Preview 2017: Houston’s Major Push For Expansion
Everything is there for Houston to get snapped up by a bigger conference. Can Major Applewhite make the team good enough to get more of a look?
Big 12, are you going to jump on Houston soon or risk losing it?
Of course, the whole world of college realignment and expansion is about business, not sports. Media markets and reach are why the Big Ten grabbed Maryland and Rutgers, and why the SEC pounced on Missouri and Texas A&M when they were there for the taking.
Houston continues to fit the profile of what conferences want for expansion – massive enrollment, huge TV market, inroads into the fertile recruiting base – but at some level, the on-the-field part of the equation plays a part, too.
Just good enough to be a positive for any conference, but not so good that’ll it’ll dominate and take over for one of the cornerstone programs, Houston has the right make-up – it could be another TCU, but with more to offer.
The problem? It’s in Texas, and the Big 12 already has a stranglehold on the state.
However, somewhere rolling around the SEC, ACC and Big Ten offices are the think-tank memos and proposals for what it might look like to add the nation’s eight-largest media market in a football-mad place.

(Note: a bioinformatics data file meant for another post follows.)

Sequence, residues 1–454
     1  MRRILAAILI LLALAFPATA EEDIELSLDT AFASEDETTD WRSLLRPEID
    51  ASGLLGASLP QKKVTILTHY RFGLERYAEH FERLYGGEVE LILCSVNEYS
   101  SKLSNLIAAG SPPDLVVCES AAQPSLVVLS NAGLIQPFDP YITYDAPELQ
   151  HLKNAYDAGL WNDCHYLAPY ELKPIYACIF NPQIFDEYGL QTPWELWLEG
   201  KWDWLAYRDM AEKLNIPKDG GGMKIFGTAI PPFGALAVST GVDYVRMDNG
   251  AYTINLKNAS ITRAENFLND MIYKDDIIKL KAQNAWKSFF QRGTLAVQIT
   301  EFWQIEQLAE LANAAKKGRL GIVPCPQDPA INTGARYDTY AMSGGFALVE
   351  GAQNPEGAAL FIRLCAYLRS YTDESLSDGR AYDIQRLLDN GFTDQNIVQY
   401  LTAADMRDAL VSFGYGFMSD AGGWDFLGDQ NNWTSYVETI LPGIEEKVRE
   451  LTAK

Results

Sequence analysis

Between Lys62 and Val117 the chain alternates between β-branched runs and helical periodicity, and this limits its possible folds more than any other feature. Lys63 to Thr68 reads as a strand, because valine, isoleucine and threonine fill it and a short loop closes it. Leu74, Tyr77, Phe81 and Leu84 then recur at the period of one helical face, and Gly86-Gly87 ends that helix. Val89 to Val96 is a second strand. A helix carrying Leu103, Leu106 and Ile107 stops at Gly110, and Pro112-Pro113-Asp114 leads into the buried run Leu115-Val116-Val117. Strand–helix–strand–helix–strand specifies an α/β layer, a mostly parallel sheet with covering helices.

You don’t think a Texas A&M/Houston rivalry would be a big deal for the SEC?
The Big Ten floated out the Texas trial balloon several years ago, and while the academic side of things would have to factor in, getting Houston would be a huge boon for the BTN. In terms of distance, Houston is around 500 miles closer to Lincoln, Nebraska than New Brunswick, New Jersey.
And then there’s the team itself. Having beaten Oklahoma, Louisville, Florida State and Pitt over the last three seasons, Houston made itself a player on a national scale. Had it not blown it against UConn two years ago, or in the three relatively inexplicable losses to Navy, SMU and Memphis last year, it would’ve been right there in the College Football Playoff discussion.
Welcome to the pressure, Major Applewhite.
Not only does the new head man have to take over and keep everything rolling after what Art Briles, Tom Herman, Tony Levine and Kevin Sumlin put in place, but on a bigger picture scale, he has to make Houston good enough to stay in the constant audition for expansion.
Keep winning, and let the media and fan bases make the case.
The pieces are there to win the American Athletic Conference title for the second time in three years, and the schedule isn’t nearly as bad out of conference – Arizona and Texas Tech replace Oklahoma and Louisville – as it’s been in the recent past.
The offensive line has to be better, but it gets everyone back. The running backs are good, the receiving corps could be great, and as rough as it might be to lose a veteran leader like Greg Ward Jr., Kyle Allen might be a better quarterback. And if he’s not, there are a few nice options to fit the style.
Ed Oliver might be the best defensive tackle in college football. While the D loses its corners, star LB Steven Taylor, and a few other key starters, it’ll still be outstanding.
But losing Herman is the biggest deal. His team might have underachieved overall last season, but he was the one who was able to take Houston to another level of national prominence in the first place. And that’s what Applewhite has to build on.
Keep winning big, keep beating the Power Fivers, and keep looking great when getting the chance. Do that, and the invite will come.